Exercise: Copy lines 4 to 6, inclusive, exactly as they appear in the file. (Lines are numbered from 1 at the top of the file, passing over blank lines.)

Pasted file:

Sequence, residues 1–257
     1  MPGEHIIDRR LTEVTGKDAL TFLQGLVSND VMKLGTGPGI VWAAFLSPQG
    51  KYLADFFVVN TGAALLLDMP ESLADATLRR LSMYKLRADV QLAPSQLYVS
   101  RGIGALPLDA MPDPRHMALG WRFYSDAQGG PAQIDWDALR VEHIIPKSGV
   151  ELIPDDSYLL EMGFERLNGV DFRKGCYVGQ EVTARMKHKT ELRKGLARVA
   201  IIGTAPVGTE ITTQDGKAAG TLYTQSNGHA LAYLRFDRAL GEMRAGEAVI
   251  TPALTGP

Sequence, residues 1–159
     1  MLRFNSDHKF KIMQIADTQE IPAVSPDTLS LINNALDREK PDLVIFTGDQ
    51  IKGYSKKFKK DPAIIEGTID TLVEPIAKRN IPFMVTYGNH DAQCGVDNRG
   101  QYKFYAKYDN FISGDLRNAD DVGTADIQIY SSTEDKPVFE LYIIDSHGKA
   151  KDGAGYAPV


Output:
   101  RGIGALPLDA MPDPRHMALG WRFYSDAQGG PAQIDWDALR VEHIIPKSGV
   151  ELIPDDSYLL EMGFERLNGV DFRKGCYVGQ EVTARMKHKT ELRKGLARVA
   201  IIGTAPVGTE ITTQDGKAAG TLYTQSNGHA LAYLRFDRAL GEMRAGEAVI